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00.45: Hi, this is Rebecca taking over the Live Blog.

We’re only a few results in, and the bookies are getting excited: Betfair started the evening with Remain at 90 per cent; during the last half hour, it’s been as low as 66 per cent. Sunderland’s high Leave vote, and the surprisingly tight result in Newcastle have cheered the Brexiters up no end.

A low turnout in Foyle continues the trend: while it has just declared at 78.2 per cent for Remain, it was predicted to be the second-strongest Remain area after Gibraltar.

Other news from the last half hour:

  • Before we get too excited, and start to trying to apply what happened in Sunderland nationwide, sources tell us that this will most likely be balanced out by the London result. Early ideas of a big Remain win are becoming less likely, however.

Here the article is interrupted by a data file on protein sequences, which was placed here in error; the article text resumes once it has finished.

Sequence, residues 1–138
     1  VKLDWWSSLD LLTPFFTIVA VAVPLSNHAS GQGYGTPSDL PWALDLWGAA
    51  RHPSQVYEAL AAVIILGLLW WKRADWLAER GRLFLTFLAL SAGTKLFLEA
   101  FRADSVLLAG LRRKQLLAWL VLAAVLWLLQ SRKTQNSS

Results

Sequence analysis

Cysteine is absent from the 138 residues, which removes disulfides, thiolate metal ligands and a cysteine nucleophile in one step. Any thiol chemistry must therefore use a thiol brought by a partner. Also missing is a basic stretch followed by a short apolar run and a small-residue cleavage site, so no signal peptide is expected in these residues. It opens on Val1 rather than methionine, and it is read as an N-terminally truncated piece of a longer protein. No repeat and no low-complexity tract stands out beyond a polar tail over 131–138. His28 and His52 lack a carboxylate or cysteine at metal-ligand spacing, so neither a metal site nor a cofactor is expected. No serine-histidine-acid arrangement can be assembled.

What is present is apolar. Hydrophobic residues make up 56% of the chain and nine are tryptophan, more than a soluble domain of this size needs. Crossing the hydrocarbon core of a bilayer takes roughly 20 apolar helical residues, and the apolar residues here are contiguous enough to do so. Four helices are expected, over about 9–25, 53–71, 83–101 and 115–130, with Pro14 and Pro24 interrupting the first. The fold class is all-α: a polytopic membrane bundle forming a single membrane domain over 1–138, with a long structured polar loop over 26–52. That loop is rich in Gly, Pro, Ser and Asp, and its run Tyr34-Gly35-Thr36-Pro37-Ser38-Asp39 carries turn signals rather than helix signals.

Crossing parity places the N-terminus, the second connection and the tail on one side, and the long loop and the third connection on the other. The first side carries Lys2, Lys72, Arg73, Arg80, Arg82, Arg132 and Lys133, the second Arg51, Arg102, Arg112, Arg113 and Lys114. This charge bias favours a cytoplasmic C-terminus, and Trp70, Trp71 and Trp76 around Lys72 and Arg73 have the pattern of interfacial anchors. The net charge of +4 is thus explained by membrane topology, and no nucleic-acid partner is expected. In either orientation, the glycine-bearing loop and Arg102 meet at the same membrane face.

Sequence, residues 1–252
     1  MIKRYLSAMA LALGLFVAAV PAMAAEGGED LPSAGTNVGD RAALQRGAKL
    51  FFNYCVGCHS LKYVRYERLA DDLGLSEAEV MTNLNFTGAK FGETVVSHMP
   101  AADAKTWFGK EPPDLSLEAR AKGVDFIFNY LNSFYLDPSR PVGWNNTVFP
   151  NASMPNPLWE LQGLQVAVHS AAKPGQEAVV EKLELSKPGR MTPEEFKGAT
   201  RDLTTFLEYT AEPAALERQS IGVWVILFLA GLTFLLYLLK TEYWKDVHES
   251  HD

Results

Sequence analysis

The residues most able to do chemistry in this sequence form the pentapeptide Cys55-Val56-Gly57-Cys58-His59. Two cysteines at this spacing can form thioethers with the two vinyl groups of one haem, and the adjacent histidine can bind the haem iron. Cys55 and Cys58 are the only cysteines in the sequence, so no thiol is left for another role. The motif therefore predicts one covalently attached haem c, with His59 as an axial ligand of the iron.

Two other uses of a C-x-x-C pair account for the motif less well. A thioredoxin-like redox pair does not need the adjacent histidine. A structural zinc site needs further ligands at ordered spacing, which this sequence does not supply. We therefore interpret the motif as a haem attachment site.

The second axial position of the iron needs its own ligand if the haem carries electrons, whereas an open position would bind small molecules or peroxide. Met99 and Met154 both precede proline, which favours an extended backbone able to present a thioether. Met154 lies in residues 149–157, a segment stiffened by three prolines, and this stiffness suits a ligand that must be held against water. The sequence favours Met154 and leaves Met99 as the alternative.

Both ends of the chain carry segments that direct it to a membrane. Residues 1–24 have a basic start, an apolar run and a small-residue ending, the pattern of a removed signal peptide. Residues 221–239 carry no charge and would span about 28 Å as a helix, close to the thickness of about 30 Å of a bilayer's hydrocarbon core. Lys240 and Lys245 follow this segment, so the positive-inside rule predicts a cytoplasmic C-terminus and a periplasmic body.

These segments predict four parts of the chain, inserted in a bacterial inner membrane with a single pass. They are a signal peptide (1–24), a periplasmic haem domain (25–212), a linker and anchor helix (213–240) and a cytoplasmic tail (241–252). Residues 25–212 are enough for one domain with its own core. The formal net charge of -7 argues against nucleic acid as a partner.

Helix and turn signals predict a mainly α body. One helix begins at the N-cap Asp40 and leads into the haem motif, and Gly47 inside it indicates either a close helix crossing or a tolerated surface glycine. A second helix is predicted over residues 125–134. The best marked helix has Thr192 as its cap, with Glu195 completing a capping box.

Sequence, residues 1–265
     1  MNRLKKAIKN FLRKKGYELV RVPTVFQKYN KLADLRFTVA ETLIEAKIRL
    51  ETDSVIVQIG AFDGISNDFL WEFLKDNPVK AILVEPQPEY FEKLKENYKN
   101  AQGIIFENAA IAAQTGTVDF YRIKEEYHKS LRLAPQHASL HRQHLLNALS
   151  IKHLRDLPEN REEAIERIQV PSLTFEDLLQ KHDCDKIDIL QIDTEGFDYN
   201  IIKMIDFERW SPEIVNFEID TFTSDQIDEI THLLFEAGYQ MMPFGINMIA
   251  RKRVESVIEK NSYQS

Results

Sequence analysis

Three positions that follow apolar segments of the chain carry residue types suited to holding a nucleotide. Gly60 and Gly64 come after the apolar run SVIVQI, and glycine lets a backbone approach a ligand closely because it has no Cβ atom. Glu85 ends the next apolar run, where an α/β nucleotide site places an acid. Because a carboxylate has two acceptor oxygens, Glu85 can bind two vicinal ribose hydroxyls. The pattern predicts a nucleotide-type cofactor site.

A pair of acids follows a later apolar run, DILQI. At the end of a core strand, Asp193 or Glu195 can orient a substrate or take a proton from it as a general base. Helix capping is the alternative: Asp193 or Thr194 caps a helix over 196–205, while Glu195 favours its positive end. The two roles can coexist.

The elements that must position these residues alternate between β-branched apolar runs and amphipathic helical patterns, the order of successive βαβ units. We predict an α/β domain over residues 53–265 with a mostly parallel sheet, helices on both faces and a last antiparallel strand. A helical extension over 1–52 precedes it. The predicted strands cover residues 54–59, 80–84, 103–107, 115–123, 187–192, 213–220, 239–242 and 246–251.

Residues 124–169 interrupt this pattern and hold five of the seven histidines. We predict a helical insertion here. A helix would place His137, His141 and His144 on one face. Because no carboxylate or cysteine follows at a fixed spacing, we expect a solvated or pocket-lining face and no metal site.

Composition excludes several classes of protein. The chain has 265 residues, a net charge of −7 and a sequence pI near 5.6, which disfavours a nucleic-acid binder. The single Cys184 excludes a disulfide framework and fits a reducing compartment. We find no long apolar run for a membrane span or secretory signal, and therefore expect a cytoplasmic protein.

• Vote Leave say that regardless of how the evening pans out, Gisela Stuart will be delivering a statement after the results are in.
  • Remain are claiming that a quarter of Belfast nationalists have voted Leave.

 

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00.15: Newcastle is in, and it’s a very close win for Remain. This result seems to have been much closer than the campaigns were expecting, and John Curtice said that “the experts might have egg on their faces”.

Along with the rumours from Sunderland is another piece of evidence that the Leave camp may be over-performing the pessimistic assessments of earlier in the night.

Other interesting news from the last half hour: